The mother of five-year-old Logan Mwangi and two others have been found guilty of his murder.
Angharad Williamson, 30, her partner, John Cole, 40, and a youth, 14, have all been convicted of the same offence.
The little boy had 56 external injuries when he was found in a South Wales river last July.
Weeks before he died, he suffered a broken collarbone but was not taken for treatment.
All three defendants were also accused of perverting the course of justice, something Williamson and the youth were convicted of.
Cole, who was captured on CCTV carrying Logan’s body to the River Ogmore while being followed by the teenager, admitted the charge.
The youth, who did not give evidence, had earlier been heard singing: "I love kids, I f****** love kids, I love to punch kids in the head, it’s orgasmic."
Logan’s father, Ben Mwangi, was in court for the verdicts, during which Williamson screamed "no, no, no" from the dock as they were returned.
Judge Mrs Justice Jefford interrupted the jury and the clerk to tell Williamson to be quiet before the verdict against the youth was given.
"Out of respect for your son and the youth please be quiet for the verdicts," she said.
She told the jury they had performed an "exceptional public service" while listening, at times, to "very unpleasant and emotional evidence".
Speaking outside Cardiff Crown Court afterwards, Mr Mwangi said Logan was the "most beautiful boy" and the world is a "colder and darker place without his smile and happy energy in which he lived his life".
He added: "I loved him so much and somehow I have to live my life knowing I will never get to see him grow up."
The child, also known as Logan Williamson, was found dumped in the river near his home village of Sarn in Bridgend on 31 July last year.
He was wearing mismatched pyjamas and was said to have undergone a "brutal and sustained assault".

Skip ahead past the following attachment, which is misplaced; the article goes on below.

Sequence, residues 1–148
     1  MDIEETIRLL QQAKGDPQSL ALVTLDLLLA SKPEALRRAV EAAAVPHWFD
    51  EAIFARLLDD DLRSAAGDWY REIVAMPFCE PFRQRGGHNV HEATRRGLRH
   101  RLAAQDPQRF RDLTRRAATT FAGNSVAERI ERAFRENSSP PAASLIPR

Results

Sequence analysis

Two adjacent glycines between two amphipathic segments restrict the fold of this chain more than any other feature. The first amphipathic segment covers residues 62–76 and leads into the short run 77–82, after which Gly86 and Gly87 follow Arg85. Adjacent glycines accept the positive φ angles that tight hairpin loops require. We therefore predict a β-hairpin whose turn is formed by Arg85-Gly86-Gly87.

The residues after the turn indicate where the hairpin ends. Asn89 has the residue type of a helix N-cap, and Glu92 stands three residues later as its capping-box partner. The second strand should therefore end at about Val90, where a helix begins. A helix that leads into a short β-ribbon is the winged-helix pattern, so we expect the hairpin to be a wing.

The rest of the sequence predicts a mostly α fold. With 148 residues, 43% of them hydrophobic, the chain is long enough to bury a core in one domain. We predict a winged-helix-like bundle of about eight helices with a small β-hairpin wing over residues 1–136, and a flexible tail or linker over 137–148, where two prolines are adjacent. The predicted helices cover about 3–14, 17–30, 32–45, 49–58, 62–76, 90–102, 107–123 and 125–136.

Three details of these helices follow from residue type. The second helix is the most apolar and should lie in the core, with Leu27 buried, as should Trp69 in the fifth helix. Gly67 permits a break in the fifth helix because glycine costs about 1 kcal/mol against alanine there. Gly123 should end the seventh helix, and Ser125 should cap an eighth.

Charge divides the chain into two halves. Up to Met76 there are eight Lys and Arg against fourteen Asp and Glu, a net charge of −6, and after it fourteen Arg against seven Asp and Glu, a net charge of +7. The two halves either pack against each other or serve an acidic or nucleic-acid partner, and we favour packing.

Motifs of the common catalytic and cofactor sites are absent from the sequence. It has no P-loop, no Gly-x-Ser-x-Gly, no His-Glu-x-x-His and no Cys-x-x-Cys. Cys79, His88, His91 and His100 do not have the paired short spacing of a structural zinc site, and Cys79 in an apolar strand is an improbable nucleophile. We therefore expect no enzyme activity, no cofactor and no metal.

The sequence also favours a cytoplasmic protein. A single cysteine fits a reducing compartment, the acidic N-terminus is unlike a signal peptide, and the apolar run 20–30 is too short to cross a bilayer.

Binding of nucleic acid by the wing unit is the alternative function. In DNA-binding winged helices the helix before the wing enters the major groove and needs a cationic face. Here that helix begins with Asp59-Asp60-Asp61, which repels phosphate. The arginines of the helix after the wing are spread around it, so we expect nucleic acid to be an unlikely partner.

His injuries were described as similar to victims of high-speed crashes or someone who had fallen from a height.
When he died, he had been isolating for 10 days after testing positive for COVID-19 and was treated like a "prisoner", the prosecution said.
Detective Inspector Lianne Rees, senior investigating officer in the case, said the defendants’ "callousness and lack of remorse" were shown by their "attempts to cover up the crime and the subsequent web of lies and deceit that were to follow".
Doctors made a safeguarding referral to police after Logan suffered a broken arm in August 2020. Williamson said he had fallen down the stairs.
Later, she told a friend the youth had confessed to pushing Logan down the stairs but it was not until January last year that she told the police.
By March, because of concerns about Cole, Logan and a younger sibling had been assigned their own social worker, Gaynor Rush.
But in June, the month before Logan died, the family were removed from the child protection register.
NSPCC Cymru has called for a child safeguarding practice review.
Its assistant director, Tracey Holdsworth, said Logan’s treatment was "horrific, but for his death to have involved another young person is even more shocking".
She added: "We cannot lose sight of the fact that one of those found guilty is still a child and the response to him must be one of both punishment and appropriate support.
"A Child Safeguarding Practice Review must now leave no stone unturned in establishing exactly what took place before Logan died and whether more could have been done to protect him."
Mrs Justice Jefford adjourned the case for sentencing at a date to be determined.
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